I choose to put empathy and responsibility as higher values than strength and obedience because when push comes to shove if strength and obedience take precedence then the relationship will be sacrificed to preserve the relative social and/or political position of the participants in the conflict. This is true because the strength/obedience perspective does not recognize the relationship as a meaningful factor and therefore cannot anticipate the emergence of effects that are totally unpredictable based solely on the known qualities of individuals.

Let me illustrate this with a story from my teaching practice: I remember when one of my first students was about 6 or 7 years old and his parents expressed concern about his reading skills. I’ll call him Keith. His parents had never married nor lived together and his Dad was just becoming a significant part of his life for the first time. With the time he spent as my student he effectively had three different places of significance in his life, two families and a school. When his parents expressed concern for his reading skills I was a little surprised because when I was with him he seemed to have pretty good skills for his age. Under the circumstances I chose to simply accept their concern at face value and inquired further of each parent separately to find out what their expectations and observations were.

I suspect you could not find three situations with more different expectations of the same person. His Mom was single and working with Keith as her only child. She was a supreme nurturer and for her reading was a full-on nurturing opportunity. Keith showed a lot of interest and needed a lot of help. Her concern was that he seemed to be very slow at becoming independent with his skills.

Dad on the other hand was all about showing strength and independence. He expected Keith to not only know how to read but to be able to demonstrate his ability in front of everyone in the family on command. For his Dad, Keith was a complete non-reader. He failed to perform even the most basic reading skills and persistently resisted anything to do with it.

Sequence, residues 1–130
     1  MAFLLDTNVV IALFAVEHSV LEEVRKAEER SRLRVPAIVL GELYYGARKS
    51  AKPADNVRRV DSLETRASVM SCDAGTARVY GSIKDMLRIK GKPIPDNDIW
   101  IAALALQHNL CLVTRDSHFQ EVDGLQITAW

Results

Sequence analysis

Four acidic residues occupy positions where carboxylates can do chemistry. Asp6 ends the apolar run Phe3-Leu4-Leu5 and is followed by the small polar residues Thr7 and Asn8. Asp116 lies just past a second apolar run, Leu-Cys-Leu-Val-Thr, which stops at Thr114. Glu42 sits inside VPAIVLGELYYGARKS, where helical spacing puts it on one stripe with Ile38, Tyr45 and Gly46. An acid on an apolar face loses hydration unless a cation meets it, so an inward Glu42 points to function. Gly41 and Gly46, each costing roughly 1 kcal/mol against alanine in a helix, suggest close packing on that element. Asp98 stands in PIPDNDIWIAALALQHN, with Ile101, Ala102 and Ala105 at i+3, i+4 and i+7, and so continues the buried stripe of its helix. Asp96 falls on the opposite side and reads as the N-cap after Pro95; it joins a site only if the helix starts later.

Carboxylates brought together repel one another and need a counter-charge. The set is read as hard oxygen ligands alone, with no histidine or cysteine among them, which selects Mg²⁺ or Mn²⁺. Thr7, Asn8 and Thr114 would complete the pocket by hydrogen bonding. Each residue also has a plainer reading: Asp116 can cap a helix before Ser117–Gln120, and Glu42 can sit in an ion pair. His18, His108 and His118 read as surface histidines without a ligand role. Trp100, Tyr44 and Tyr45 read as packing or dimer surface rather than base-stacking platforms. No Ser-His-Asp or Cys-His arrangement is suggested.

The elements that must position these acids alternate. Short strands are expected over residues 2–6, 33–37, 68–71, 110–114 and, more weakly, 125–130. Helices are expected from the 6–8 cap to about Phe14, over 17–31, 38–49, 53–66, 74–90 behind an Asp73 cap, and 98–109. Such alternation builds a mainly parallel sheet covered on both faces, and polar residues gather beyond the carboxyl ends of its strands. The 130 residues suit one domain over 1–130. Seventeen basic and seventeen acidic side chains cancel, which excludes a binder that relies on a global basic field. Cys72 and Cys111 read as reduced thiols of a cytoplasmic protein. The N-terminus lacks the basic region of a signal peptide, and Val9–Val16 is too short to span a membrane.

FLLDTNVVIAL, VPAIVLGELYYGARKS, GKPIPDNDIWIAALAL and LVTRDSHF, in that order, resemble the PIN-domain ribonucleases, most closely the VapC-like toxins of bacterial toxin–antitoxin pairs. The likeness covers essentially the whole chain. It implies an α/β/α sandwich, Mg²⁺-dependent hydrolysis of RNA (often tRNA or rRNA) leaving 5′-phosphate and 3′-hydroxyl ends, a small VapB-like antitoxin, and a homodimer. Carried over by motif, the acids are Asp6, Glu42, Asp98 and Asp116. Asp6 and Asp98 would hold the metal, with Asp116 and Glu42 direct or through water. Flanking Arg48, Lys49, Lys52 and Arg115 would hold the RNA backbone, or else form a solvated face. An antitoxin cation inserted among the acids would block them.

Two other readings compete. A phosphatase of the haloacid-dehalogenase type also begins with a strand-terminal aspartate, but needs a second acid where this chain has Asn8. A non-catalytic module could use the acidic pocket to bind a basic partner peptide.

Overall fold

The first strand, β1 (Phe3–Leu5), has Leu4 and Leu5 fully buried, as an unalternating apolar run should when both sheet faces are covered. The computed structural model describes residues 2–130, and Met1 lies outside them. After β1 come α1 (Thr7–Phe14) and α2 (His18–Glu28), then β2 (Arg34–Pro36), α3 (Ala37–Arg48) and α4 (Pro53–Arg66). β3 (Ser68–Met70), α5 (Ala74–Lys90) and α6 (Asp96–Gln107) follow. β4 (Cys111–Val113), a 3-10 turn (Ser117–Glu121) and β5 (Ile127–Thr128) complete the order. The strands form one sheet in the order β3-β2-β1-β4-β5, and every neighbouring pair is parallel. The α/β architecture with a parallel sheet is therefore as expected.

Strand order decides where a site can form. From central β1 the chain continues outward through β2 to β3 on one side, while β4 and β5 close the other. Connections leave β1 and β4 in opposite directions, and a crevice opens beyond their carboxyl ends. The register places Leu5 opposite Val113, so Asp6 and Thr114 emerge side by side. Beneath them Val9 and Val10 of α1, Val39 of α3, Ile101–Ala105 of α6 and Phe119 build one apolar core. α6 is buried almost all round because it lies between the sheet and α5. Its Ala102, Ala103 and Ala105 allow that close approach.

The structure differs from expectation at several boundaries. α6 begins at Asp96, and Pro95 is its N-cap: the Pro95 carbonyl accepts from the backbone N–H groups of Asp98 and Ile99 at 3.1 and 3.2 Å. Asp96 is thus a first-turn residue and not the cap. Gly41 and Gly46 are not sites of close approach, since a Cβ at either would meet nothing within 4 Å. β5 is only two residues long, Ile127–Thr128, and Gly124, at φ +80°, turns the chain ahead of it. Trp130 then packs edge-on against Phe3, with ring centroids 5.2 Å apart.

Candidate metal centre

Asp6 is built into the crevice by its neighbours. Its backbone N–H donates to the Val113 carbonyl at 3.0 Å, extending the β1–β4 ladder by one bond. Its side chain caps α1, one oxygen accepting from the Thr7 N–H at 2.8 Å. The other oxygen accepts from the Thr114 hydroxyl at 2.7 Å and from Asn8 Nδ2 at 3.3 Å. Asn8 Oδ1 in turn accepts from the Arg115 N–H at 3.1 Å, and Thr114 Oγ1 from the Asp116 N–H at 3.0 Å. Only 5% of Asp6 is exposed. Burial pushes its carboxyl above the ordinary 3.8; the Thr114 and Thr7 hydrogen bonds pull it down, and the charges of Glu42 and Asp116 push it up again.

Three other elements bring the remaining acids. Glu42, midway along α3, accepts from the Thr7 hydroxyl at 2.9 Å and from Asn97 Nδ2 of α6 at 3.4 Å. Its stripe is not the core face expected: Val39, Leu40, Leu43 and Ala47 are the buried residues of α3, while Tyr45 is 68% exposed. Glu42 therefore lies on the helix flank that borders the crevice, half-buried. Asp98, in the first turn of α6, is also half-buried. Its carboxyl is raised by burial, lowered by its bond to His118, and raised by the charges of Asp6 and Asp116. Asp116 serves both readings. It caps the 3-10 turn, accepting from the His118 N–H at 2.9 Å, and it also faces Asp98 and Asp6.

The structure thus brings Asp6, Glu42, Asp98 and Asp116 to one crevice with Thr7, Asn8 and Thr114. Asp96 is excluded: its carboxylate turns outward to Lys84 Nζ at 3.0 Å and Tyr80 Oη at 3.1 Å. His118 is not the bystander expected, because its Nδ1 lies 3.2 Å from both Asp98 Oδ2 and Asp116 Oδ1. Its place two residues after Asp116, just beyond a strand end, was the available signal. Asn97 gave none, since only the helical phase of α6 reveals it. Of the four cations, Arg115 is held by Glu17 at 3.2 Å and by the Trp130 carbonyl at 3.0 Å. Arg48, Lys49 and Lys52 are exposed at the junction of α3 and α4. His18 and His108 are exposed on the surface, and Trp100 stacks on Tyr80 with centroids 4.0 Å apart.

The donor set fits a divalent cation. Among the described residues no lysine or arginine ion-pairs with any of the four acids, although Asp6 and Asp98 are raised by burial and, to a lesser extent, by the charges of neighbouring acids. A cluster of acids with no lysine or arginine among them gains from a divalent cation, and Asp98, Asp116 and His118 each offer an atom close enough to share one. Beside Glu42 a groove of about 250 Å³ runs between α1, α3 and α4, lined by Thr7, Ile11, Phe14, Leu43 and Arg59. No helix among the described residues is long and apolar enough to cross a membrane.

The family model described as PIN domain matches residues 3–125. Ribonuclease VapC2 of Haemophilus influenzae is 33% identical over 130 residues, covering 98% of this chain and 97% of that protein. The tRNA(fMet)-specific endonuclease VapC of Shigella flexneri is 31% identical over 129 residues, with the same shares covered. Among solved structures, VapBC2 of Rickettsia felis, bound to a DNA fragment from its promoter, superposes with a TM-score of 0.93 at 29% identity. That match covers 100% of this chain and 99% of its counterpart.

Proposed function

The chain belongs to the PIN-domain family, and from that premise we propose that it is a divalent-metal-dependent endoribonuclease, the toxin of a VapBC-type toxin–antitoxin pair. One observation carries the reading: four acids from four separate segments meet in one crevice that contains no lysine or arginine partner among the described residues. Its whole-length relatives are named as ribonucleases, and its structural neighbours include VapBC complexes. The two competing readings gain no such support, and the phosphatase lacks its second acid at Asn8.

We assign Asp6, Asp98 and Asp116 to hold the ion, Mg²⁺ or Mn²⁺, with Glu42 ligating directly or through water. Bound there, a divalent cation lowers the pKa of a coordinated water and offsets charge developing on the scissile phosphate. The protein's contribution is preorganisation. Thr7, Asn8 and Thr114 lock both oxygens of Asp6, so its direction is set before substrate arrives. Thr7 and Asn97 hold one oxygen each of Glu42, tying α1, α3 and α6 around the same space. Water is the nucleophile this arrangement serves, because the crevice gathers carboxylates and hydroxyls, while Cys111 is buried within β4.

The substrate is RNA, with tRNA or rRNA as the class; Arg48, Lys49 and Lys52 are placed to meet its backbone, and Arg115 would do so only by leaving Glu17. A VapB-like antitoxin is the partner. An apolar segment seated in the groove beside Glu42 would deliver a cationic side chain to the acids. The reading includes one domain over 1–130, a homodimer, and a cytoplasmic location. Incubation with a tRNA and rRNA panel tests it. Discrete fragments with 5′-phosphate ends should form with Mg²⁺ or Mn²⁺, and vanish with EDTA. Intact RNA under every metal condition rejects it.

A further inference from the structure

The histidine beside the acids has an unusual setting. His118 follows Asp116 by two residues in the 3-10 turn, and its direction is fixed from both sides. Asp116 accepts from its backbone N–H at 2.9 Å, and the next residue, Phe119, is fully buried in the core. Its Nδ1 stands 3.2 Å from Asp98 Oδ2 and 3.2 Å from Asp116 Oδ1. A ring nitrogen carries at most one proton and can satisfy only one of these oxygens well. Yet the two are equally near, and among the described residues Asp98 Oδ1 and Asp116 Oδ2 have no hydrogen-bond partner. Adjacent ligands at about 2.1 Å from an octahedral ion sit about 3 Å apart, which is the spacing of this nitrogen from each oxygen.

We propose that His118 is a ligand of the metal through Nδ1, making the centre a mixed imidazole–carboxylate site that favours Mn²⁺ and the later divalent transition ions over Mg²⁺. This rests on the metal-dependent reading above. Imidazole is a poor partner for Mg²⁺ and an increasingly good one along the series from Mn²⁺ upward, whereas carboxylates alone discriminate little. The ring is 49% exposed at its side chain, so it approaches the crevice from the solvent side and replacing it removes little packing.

For me Keith was a budding reader who was curious about it when it suited his needs and had a voracious appetite for acquiring the skills necessary to become independently able to fulfill his needs.

To make my point: First of all, there are no individual villains in this story. Every single one of the four characters; Keith, Mom, Dad, and myself are all doing exactly what we believe is going to be most helpful for Keith to be a good, healthy, and wholesome person. The situation is one that is complex not simple.

If you take the normal operating assumptions of the strength/ obedience value system then the cause of Keith’s behavior is simply and directly caused by his choices. If it is true that he was making direct conscious choices then you would have to conclude that he is a malicious manipulator of his parents based on my observations of his behavior with me. However, this particular child is one whom I knew for many years and no one, least of all his parents, would ever believe that of him. The only reasonable explanation I can come up with for his behavior is the emergence of three different group dynamics that affected him and contributed to the apparent disparity in his reading skills.

After investigating the situation I consulted with the parents separately about how to address what they perceived as a problem with his reading skills. I pointed out the disparity in his reading behaviors and explained that they needed to look at their own attitude about reading and also consider how their expectations about reading may be affecting their relationship with their son. With this guidance they were both able to reflect on their priorities and make a positive shift in their relationships with Keith.